On 2 June 2017, the South African Revenue Service ("SARS") published a draft public notice requiring the submission of country-by-country ("CbC"), master file and local file returns. This marks an important step towards the finalisation of South Africa's transfer pricing documentation requirements.

As a result of the work on the base erosion and profit shifting ("BEPS") project, the Organization for Economic Cooperation and Development's Transfer Pricing Guidelines for Multinational Enterprises and Tax Authorities now include recommendations for a "three-tiered" approach to transfer pricing documentation (ie CbC report, master file and local file), which South Africa is in the process of implementing.

Following the finalisation of the transfer pricing record-keeping requirements in October 2016 and the CbC reporting regulations in December 2016, the major outstanding piece of the puzzle from a South African perspective has been the publication of the specific form and content requirements for the master file and local file as well as the legislative requirement to actually submit these documents, rather than simply keeping them on record.

The draft notice, issued in terms of section 25 of the Tax Administration Act, 2011, provides the first indication of the form which this submission will take.

The important points emerging from the draft notice are as follows:

  • the information required and the form in which it will be submitted are to be set out in a business requirement specification ("BRS") for CbC and Financial Data Reporting. The BRS itself does not appear to have been published at this stage, but it seems that it will specify information relating to all three levels of documentation (ie CbC report, master file and local file).
  • a reporting entity, as defined in the CbC regulations, will be required to submit the information in the BRS relating to all three tiers of documentation (ie CbC report, master file and local file).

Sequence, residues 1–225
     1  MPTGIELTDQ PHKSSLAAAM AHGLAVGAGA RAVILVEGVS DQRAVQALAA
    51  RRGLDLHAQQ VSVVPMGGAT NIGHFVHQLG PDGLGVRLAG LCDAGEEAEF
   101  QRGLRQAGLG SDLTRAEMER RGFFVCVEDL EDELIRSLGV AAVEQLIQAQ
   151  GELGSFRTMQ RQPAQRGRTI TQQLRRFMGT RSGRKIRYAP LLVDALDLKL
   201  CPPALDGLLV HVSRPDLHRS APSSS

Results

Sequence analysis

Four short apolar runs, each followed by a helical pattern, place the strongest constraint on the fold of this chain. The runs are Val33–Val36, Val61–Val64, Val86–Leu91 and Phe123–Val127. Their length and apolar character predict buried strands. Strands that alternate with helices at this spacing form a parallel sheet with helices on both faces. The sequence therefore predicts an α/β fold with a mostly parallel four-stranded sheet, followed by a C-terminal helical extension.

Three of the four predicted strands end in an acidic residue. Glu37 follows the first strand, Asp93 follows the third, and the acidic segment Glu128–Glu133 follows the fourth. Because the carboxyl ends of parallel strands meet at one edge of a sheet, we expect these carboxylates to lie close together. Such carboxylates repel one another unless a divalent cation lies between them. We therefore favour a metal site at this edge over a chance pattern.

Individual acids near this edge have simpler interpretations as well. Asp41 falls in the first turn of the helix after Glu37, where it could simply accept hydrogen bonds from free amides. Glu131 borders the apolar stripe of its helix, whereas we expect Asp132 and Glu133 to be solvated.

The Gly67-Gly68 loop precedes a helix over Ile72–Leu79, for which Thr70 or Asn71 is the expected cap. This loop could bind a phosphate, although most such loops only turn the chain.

• a person whose aggregate potentially affected transactions (essentially, cross-border transactions with a connected person) for the year of assessment exceed or are reasonably expected to exceed ZAR100-million for the year of assessment, but is not a Reporting Entity as defined in the CbC regulations, will only be required to submit the information in the BRS relating to the master file and local file. We note that this threshold matches that for keeping structural and operational records in terms of the record-keeping requirements.
  • returns will be submitted electronically via eFiling.

We further note that the draft public notice requires taxpayers to submit returns for the financial years or, in the case of CbC reports, the reporting fiscal years (as defined in the CbC regulations), commencing on or after 1 January 2016. Returns will be due within 12 months of the end of the taxpayer's financial year or reporting fiscal year. Therefore, depending on the specific year-end of the taxpayer, returns will be due from 31 December 2017 onwards. This leaves taxpayers little more than six months to prepare.

We note that, while comments on the draft notice are due by 22 June 2017, the draft notice itself contains very little information on which to comment, since the form and content of the return will be governed by the BRS. On this basis, it will be important that SARS releases the BRS as soon as possible so that meaningful comments can be submitted before the deadline of 22 June 2017.

A copy of the draft notice is available here.

This article was reviewed by Jens Brodbeck, an executive in ENSafrica's tax department.

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